Oliver Townend: “It looks like a very tough place to ride around in terms of the terrain. You’re always climbing up a hill, and a few places that you’d like to go a little faster he’s got a combination that you have to slow down for, so it’s gonna be an interesting day. A few too many things for my liking for cross country, it’s more like a show jumping course around a field but at the same time, very, very happy to be here. I always enjoy Giuseppe’s courses and technical questions.”

Tom McEwen: “The thinking rider will come out on top, I think, tomorrow whether it’s regarding horses, how they’re feeling underneath you, or how the course could change because even now [with all the] people that seemed to be walking the course, like walking up the water coming out the first water, I mean that bank is already broken up. I mean, it’s one of the first shows for a long time where there’s actually been eighty- eighty-plus horses in the class. So yeah, it’s gonna be by three-quarters of the day, it’s gonna look different I would have thought.”


Jonelle Price: “I think time is probably gonna be the biggest factor. You know, you’ve got to remember we’ve got such a high caliber field of horses here that I think, you know, no matter what you’ve built, they’re gonna make light work of it. You know, the British team — they’re the best in the world, those horses, and they’re all experienced five-star horses and this is nowhere near five-star track. So I think some of the horses are going to make light work of it. But you know, suddenly the hills and a lot of congested jump efforts will see the clock coming.”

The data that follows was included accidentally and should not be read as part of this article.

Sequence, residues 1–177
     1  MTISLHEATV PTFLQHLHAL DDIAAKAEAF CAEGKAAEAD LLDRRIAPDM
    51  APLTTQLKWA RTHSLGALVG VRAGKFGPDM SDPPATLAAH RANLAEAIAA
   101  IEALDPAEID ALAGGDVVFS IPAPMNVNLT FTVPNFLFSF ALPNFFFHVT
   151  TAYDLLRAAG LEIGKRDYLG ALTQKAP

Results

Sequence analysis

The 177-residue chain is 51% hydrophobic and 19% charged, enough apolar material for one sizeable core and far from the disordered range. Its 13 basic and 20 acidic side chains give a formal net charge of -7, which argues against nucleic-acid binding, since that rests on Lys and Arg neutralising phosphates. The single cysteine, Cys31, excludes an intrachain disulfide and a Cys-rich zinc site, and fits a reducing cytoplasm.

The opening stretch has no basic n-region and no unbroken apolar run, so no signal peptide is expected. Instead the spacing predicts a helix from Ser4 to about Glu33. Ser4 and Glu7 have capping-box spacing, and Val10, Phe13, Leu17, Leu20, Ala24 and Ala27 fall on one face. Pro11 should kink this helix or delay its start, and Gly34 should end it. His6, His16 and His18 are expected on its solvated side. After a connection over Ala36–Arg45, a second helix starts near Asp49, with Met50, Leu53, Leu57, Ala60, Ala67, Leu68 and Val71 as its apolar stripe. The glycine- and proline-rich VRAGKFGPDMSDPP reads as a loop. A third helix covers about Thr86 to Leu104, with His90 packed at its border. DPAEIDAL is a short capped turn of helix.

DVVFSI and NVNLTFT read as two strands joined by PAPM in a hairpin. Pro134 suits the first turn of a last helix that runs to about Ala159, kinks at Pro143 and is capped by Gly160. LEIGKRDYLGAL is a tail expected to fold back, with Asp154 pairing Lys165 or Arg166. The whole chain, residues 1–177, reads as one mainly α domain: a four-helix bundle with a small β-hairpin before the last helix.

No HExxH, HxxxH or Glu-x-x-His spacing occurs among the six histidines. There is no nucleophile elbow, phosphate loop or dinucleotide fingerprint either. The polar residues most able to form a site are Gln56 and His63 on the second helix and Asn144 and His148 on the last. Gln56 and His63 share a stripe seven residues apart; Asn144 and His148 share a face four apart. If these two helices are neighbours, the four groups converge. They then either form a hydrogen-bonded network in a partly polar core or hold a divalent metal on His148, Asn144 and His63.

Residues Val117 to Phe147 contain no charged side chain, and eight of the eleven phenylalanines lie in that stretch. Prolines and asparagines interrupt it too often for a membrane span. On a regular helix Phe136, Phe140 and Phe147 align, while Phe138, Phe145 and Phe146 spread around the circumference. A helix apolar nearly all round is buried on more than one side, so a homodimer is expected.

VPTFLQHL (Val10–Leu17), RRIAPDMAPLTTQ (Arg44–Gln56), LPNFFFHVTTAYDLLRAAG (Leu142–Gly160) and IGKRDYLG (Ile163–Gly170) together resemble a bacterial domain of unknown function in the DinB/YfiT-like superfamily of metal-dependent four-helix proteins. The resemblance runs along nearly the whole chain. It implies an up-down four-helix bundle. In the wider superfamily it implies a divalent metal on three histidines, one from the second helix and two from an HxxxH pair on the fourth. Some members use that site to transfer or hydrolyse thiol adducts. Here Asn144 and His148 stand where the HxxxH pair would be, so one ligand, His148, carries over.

Tim Price: “It’s a funny course because it’s perched on the side of a hill and it’s got all sorts of portable jumps stuck everywhere. So you know, I’ve just come from Burghley, which is one of the biggest, most beautiful courses in the world as we know, and it feels like it’s a little bit of a downgrade, but that doesn’t mean it’s any less difficult. The time is going to be extremely tight, that’s my forecast, and that’s gonna put a lot of added pressure on all the riders. Especially they’re trying to look after their teams.”